A punch list is huge. This is where that inspector is going to come into play. You can also ask other contractors for things they notice, but primarily this is the inspector's role. The humidifier and wall control will be up to the HVAC guy. Even if these guys are your best friends, please, please, please talk to their former customers. Talk to their suppliers. Do they subcontract out? Do they pay their bills on time? Are they licensed? Often there is only one person who holds the required license. That is fine, but how often is the license holder actually on your job? The vast majority of contractors are very nice and honest, but that doesn't mean they have a clue about what they are doing. They want to help you. Just human nature, but they aren't helping you if the only time they did this type of installation was two summers ago at their cousin Lenny's house.

3) Getting the basement rough-in inspection completed and the walls and ceilings built. This is the bulk of the escrow. However, one big part of that is that non-standard egress window. Fred said he was going to talk to the "main" inspector and try to have it grandfathered or passed. But until he gets that passed or fixed, he can't work on the rest of the basement. But Fred wants to keep the project "open" so he can go in and finish it and get his escrow. We're stopping him and have 3 other contractors interested in finishing our basement, including rectifying the window situation.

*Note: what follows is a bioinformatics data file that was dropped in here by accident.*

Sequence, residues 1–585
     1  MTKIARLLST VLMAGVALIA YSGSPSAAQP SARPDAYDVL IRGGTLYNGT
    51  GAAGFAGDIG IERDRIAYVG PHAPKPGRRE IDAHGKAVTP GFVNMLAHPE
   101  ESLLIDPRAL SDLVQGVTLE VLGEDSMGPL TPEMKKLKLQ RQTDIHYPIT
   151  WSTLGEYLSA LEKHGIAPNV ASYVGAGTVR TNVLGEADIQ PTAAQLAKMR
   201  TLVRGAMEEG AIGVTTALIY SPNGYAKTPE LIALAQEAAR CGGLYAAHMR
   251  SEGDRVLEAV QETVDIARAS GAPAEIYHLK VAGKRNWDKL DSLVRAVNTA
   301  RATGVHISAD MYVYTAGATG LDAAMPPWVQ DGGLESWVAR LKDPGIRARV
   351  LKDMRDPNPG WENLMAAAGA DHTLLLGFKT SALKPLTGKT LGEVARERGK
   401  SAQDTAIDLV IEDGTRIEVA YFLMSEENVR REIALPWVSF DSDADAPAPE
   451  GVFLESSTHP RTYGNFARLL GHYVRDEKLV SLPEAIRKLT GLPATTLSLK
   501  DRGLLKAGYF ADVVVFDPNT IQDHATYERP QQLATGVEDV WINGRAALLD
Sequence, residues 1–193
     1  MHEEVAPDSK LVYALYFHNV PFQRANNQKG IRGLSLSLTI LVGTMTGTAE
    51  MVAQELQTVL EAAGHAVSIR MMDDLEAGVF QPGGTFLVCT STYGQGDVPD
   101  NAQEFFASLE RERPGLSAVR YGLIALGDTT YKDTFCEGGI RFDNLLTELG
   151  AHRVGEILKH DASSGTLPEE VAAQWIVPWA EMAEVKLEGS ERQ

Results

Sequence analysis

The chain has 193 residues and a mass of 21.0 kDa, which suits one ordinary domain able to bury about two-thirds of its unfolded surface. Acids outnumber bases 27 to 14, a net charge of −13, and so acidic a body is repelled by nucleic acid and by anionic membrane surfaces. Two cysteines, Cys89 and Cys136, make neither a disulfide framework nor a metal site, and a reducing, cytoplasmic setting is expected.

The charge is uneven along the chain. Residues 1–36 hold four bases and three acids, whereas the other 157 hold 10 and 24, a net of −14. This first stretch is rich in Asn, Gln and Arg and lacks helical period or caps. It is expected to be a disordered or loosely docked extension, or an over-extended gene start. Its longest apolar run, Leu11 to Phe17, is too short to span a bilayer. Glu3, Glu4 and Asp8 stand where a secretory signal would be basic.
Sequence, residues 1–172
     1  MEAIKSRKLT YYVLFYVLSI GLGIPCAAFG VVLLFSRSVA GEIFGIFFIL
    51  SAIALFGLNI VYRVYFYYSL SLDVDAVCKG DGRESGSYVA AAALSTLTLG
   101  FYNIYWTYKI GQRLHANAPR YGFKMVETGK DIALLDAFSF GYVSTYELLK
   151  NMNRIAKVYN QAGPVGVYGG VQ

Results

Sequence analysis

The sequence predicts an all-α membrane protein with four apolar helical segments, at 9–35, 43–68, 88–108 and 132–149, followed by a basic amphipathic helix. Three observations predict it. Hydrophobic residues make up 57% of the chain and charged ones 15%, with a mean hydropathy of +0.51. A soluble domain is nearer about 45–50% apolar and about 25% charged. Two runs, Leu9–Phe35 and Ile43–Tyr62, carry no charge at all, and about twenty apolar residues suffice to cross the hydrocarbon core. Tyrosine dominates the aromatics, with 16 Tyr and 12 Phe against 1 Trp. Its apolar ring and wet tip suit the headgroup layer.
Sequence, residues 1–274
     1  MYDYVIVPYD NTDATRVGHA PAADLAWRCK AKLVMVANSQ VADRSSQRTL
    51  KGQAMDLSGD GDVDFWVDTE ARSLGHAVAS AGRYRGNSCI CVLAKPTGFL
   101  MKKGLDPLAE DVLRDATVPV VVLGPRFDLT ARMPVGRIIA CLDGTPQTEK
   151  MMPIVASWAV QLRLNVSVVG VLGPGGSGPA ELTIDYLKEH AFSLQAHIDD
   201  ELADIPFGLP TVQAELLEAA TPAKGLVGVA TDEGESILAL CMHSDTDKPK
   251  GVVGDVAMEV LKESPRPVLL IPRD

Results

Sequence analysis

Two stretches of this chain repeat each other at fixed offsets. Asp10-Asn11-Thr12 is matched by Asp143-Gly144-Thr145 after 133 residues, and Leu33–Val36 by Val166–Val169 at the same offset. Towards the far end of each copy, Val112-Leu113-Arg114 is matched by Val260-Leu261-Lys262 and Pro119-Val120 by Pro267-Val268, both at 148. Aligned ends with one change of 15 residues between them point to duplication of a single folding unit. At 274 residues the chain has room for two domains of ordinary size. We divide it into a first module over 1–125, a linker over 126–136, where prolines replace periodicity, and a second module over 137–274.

Your attorney is leading you on this one. I wouldn't allow Fred anywhere near your house. Not anywhere. I don't know if someone is there all the time, but if not, make it look like someone is. Fred may get desperate about his tools. I'd treat them as abandoned property.

Let the contractors massage the inspector. Preferably a contractor who does ALOT of work in your town. An out of code egress is a BIG screw up. I mean HUGE. Was this on the plans? Anyway, let the contractor take a stab at the inspector. If no progress, re-do it and move on.

Sorry for the delay. School is winding down and the projects are piling up. HTH.